|Article number:||11106-58020 AM|
|Availability:||In stock (20)|
These are high quality, affordable, stainless steel pre-combustion chambers to replace cracked and broken chambers in engines that are being rebuilt.
• Please pay careful attention to the machining and fitting requirements, as outlined in the Factory Service Manual, of the cylinder head and block when replacing combustion chambers.
• When using composite head gaskets, cylinder heads of the B family of engines should be re-torqued once (and only once) after being run-in and fully warmed up and then allowed to fully cool down.
Made from 310 Stainless Steel. 310 is an austenitic (non-magnetic) stainless steel containing high amounts of chromium and nickel for use in high temperature applications.
Please read the attached document provided by Engine Australia.
Fitting Pre-Combustion Chambers (Engine Australia)
Important Notes: The number 1 failure points of combustion chambers in Toyota B series engines are from A) localized overheating in the pre-combustion chamber - too much fuel relative to the air supply and/or a poor injector spray pattern, especially when running a turbo; B) generalized overheating of the engine - usually the result of a poorly functioning cooling system or a compromised head gasket - which lets combustion gases into the water jacket which pushes out the coolant... and without coolant you will get a faulty coolant temperature reading and a loss of engine cooling. And, C) a poor/loose fitting pre-combustion chambers in a worn or previously overheated cylinder head.
Overheating your B series diesel even once is enough to cause serious damage, and that damage may not show up right away. This is commonly experienced as "dropping a pre-cup" - which causes severe engine damage.
Overheating is more common in older diesel engines commonly due to very poorly functioning radiators (internally or externally plugged up), which prevents the center portion of the radiator from getting hot, reduces the cooling capacity of the radiator to keep the coolant adequately cool, which in turn means there's not enough hot air passing through to activate the fan clutch... and that leads to a type of cascade failure.
The factory coolant temperature gauge is not accurate at all, and can only be used as rough indication of operating temperature. DO NOT rely on either the factory coolant temperature gauge or the factory oil pressure gauge to monitor your engine's cooling requirements.
It is almost impossible to monitor for localized overheating. What you can do is monitor EGTs before the turbo, and keep these in a very reasonable range: never exceed 1250F on measured on a fully heat soaked engine, and try to keep EGTs below 1100F during normal operation. The effects of localized overheating can be tested for after-the-fact (the metallurgy and harness is affected), but this gets expensive and it's usually pretty obvious to the trained eye that you overheated things.
If your engine was tuned at a lower elevation, as you start to go up in elevation you may see a very large increase in EGTs at engine loads that previously yielded acceptable EGTs. If this is happening to you, you need to back off the throttle, shift down a gear, and/or adjust your injection pump to reduce your fuel delivery volume for the elevation (some B series engines have rudimentary altitude compensation, others do not). If you are seeing black smoke from the tailpipe, you are running too much fuel - and excess fuel means you are heating up your combustion chambers.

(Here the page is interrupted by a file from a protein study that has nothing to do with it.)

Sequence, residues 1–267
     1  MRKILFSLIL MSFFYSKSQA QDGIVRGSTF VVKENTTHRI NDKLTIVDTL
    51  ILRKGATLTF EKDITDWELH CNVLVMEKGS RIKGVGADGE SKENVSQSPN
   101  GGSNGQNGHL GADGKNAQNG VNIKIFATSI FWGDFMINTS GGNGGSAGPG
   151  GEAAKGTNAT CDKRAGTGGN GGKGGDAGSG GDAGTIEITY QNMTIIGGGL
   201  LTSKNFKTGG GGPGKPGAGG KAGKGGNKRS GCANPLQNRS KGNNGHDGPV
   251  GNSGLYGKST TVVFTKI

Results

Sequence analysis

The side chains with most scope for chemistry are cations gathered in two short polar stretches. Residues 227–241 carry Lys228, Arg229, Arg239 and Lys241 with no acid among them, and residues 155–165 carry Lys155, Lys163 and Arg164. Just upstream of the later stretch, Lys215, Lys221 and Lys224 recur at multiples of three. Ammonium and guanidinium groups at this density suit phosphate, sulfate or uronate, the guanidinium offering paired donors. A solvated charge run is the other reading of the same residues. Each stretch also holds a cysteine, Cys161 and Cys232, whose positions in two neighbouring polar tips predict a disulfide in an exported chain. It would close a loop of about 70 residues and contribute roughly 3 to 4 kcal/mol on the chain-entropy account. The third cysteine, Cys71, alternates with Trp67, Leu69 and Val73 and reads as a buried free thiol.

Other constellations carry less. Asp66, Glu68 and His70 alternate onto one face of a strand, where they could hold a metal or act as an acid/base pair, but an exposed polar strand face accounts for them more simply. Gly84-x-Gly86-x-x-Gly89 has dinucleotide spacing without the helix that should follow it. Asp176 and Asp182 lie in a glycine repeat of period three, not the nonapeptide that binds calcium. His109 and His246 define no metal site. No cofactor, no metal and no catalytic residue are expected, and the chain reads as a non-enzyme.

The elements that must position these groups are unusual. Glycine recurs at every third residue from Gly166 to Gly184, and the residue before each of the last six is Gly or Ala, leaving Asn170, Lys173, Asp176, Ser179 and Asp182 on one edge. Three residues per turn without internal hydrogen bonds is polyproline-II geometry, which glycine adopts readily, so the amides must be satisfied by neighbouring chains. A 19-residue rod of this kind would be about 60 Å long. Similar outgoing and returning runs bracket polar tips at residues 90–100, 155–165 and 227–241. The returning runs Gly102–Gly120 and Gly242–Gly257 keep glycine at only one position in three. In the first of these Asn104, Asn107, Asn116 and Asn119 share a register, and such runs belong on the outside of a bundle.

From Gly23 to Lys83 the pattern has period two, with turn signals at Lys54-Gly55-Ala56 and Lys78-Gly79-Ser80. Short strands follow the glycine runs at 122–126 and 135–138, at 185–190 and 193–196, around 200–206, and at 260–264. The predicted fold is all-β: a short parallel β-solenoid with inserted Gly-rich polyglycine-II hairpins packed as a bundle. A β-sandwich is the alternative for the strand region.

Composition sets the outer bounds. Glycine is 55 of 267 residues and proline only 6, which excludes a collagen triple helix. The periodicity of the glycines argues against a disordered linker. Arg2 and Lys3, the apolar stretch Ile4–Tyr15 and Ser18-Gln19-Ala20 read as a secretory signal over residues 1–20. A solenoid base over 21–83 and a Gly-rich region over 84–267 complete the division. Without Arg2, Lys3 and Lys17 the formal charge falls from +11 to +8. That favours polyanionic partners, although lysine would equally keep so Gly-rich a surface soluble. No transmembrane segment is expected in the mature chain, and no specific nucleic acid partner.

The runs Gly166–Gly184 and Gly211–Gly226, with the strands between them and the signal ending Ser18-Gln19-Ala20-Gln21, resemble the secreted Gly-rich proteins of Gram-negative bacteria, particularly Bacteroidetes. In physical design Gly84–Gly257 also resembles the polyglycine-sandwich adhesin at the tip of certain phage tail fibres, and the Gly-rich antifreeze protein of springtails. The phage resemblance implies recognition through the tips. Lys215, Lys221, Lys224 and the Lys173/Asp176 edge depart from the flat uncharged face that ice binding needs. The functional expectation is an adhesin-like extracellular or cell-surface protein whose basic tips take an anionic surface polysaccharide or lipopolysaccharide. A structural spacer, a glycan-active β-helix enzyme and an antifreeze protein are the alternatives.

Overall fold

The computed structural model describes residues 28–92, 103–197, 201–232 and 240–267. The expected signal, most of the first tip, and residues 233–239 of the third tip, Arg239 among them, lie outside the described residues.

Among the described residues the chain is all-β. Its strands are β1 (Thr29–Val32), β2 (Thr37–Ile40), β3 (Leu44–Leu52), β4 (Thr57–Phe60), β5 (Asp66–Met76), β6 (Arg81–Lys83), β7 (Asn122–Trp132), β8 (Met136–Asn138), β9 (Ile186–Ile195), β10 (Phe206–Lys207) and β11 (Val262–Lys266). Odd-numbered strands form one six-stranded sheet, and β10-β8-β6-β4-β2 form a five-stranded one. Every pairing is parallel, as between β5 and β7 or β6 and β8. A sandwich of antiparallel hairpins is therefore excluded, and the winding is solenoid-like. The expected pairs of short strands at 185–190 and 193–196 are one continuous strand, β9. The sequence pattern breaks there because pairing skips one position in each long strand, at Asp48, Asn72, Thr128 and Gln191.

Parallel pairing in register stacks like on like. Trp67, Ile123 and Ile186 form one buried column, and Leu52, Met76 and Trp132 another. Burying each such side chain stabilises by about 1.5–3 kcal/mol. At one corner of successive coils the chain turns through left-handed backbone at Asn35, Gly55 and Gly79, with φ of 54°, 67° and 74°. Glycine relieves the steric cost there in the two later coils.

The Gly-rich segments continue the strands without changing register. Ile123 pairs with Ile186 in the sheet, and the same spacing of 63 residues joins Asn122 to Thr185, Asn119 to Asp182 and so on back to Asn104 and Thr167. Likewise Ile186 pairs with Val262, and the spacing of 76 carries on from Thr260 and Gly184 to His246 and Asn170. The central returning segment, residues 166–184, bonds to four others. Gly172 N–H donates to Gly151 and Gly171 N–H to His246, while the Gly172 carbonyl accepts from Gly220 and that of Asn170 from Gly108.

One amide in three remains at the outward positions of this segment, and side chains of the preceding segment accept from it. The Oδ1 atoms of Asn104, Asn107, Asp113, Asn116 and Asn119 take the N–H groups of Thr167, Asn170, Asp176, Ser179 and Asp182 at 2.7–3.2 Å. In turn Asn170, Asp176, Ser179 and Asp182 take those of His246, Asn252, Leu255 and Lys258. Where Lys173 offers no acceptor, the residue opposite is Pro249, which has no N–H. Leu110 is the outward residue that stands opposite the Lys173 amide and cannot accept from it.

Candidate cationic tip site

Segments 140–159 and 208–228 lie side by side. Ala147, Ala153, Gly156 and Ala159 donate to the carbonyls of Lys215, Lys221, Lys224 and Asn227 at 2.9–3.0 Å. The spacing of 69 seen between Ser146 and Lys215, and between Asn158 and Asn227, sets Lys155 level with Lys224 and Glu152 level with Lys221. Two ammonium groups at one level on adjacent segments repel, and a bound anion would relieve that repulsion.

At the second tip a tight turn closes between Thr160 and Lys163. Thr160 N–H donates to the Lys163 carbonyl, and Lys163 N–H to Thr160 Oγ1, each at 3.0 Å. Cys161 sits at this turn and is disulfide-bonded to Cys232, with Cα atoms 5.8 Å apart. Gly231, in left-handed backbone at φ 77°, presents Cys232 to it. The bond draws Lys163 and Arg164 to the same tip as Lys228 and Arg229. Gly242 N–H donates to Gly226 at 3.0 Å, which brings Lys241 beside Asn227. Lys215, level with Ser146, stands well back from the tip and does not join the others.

Generalized overheating of the engine can be sort-of monitored with a good quality coolant temperature gauge, however it is entirely possible to overheat your engine while the coolant temperature gauge is saying you're mostly in the normal range.
It is also possible to see completely normal or even low coolant temperature readings yet your engine is suffering from localized overheating due to excessive combustion temperatures. It is critical to monitor Exhaust Gas Temperatures (EGTs) - preferably pre-turbo - and drive in a manner that does not create excessive temperatures.
If you have taken the time and money to install a turbo system, then you also need to spend some money ensuring you have new Denso injector nozzles in place with a perfect spray pattern and the crack pressure at the top end of the specification, and that your injection timing is set correctly according to the Toyota Service Manual for your application.
• Get your radiator re-cored with a good quality high-density 3 core rad.
• Replace your fan clutch with a new Japanese (Aisin or NPW) fan clutch.
• Consider installing the slightly lower temperature 82C thermostat vs the original 88C thermostat.
• Make sure your fan shroud is in place, and that you have proper air flow in your engine bay (for example there should be a foam strip between the front of the radiator and the front rad support to prevent recycling of hot air).
• Electric engine cooling fans will never move the same amount of air as a good engine driven fan...
• With a turbo, you should be running a 2.5" exhaust system with minimal restrictions (mandrel bends).
• If you are planning on consistently running a boost pressure of 10-12 PSI or more then an intercooler is strongly advised.
Replaces Toyota pn:
B and 2B engines use part number: PCTO700
**NB: see technical details of this particular part in the images.
Engineered in Australia - made in Taiwan
2020 09 29
keywords: pre cup, pre comb, combustion chamber, precombustion chamber, pre-combustion chamber